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High above the freeway, a slow road ahead

After L.A. escaped the 'Carmageddon' gridlock expected from the closure of Interstate 405, residents and commuters along Mulholland Drive fear they're in for two years of motoring mayhem.

August 28, 2011|By Martha Groves, Los Angeles Times
  • Robert Woolley, left, marketing director at the Mirman School and institutional coordinator for the Mulholland Educational Corridor Assn., speaks with Jaynee Beckman, who has two children at Mirman, about plans to deal with possible traffic problems on Mulholland Drive over the next two years.
Robert Woolley, left, marketing director at the Mirman School and institutional… (Jay L. Clendenin, Los Angeles…)

Los Angeles escaped the dreaded "Carmageddon" gridlock that was expected to accompany the closure of the 405 Freeway last month, but residents and commuters high above the freeway on Mulholland Drive fear they are in for two years of motoring mayhem.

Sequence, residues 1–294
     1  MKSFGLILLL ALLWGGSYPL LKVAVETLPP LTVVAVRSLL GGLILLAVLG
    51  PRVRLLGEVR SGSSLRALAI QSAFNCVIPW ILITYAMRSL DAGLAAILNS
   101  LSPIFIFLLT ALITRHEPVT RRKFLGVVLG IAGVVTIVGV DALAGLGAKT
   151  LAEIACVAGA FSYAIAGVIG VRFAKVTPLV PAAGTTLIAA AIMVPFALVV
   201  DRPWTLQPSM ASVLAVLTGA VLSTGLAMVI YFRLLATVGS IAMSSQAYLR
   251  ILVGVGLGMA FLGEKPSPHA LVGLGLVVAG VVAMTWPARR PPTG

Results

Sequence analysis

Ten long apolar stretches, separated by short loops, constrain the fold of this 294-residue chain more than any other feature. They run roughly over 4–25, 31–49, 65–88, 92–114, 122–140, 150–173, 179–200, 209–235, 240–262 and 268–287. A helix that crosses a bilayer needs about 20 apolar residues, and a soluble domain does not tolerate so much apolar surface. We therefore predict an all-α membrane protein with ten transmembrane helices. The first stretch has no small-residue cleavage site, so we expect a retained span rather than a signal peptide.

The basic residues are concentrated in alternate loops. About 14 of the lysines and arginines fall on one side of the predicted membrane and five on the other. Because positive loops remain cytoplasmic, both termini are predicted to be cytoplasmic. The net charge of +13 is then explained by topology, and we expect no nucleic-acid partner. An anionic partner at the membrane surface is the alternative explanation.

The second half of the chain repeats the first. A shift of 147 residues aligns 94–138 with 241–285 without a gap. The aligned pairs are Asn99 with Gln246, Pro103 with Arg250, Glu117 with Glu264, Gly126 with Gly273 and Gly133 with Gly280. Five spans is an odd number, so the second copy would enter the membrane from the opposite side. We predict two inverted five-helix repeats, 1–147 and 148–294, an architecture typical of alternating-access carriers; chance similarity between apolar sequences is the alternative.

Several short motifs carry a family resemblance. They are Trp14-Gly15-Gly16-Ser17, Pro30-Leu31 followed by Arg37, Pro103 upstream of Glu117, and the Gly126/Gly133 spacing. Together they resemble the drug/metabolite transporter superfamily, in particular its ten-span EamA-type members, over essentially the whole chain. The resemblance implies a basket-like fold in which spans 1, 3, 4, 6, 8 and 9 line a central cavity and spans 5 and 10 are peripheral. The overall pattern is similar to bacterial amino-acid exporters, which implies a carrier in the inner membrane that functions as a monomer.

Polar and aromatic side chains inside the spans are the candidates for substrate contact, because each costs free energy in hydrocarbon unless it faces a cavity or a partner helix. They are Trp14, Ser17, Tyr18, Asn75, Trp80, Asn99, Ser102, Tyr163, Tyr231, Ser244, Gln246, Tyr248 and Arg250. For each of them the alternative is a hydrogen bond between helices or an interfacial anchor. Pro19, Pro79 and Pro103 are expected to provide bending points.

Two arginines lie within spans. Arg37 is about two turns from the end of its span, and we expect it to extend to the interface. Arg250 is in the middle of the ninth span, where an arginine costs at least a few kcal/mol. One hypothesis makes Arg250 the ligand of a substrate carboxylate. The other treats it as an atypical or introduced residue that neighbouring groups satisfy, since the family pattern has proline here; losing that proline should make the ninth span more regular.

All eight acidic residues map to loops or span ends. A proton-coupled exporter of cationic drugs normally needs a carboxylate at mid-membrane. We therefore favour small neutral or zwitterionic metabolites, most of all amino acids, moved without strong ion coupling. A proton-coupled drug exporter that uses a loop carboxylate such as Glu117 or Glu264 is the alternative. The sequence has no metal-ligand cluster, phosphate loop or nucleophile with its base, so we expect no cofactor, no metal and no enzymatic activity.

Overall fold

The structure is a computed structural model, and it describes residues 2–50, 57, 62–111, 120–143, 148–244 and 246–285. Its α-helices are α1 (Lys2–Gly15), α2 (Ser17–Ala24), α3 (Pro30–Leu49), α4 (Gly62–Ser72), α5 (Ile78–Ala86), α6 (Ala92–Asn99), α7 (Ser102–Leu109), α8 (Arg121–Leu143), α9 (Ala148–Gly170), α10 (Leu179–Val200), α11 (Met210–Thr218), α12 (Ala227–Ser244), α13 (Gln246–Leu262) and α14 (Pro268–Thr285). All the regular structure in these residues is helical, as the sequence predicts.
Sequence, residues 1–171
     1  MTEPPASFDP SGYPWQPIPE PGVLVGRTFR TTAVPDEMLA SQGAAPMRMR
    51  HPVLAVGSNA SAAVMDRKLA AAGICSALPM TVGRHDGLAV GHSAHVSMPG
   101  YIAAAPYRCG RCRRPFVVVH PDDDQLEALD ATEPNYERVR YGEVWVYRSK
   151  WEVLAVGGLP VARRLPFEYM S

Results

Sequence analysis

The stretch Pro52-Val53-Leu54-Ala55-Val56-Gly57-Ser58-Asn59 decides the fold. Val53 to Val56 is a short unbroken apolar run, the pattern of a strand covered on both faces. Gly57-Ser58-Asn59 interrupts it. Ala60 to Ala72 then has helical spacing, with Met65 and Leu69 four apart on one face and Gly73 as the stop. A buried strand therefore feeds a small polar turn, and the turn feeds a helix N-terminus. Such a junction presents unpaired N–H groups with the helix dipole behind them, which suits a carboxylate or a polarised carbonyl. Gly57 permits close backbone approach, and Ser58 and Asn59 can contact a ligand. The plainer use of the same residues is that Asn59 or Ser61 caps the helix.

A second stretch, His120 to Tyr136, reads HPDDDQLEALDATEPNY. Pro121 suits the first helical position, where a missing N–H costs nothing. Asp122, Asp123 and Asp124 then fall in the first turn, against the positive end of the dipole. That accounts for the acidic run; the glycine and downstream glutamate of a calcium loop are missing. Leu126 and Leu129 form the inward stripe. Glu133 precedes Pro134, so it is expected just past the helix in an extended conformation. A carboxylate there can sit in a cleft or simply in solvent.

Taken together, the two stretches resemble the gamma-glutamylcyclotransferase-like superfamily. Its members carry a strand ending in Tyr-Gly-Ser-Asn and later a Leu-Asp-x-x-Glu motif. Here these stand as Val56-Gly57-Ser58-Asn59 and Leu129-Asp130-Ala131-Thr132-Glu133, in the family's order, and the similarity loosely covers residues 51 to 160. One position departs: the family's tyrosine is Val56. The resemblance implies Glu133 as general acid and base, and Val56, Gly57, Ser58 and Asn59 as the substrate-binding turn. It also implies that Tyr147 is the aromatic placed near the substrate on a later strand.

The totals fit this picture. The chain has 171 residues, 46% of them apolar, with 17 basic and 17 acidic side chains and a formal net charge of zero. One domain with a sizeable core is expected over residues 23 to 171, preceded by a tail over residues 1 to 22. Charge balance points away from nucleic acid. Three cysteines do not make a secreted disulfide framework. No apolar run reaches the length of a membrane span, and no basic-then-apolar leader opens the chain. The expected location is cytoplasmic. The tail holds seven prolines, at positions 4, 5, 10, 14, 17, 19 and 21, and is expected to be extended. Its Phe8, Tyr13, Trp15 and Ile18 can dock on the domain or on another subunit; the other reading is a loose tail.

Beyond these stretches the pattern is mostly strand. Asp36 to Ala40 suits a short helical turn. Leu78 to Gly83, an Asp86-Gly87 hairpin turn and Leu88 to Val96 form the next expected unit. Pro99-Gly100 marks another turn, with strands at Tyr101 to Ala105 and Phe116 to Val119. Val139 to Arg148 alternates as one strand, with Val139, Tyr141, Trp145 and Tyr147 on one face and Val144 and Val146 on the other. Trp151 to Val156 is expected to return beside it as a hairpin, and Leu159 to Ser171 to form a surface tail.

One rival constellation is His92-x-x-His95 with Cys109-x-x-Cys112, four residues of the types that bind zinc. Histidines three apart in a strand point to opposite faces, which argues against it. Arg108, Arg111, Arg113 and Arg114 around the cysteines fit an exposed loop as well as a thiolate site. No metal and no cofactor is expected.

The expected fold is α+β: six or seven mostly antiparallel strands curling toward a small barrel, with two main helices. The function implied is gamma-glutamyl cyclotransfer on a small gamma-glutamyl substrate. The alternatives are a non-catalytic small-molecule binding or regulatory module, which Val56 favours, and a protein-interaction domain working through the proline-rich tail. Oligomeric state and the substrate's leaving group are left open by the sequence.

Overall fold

With a handful of high-toned private schools preparing to resume classes this week, and the Mulholland Drive bridge half-demolished, traffic along the leafy hilltop will slow to a crawl, residents say.

"You're putting thousands of students and cars onto one single road that's already overextended," said Nayssan Finer, president of the Bel-Air Knolls Property Owners Assn. "It doesn't take a brain surgeon to realize this will be a disaster."

Transportation officials acknowledge that the widening of the 405 Freeway between the Westside and the San Fernando Valley and the accompanying reconstruction of the Mulholland Drive bridge will result in congestion for hilltop residents and commuters.

The intersection of Skirball Center Drive and Mulholland in particular is bound to be a "major problem," said Ron Macias, a community relations officer for the Los Angeles County Metropolitan Transportation Authority, which is partnering with the California Department of Transportation on the $1-billion freeway-widening project through the Sepulveda Pass.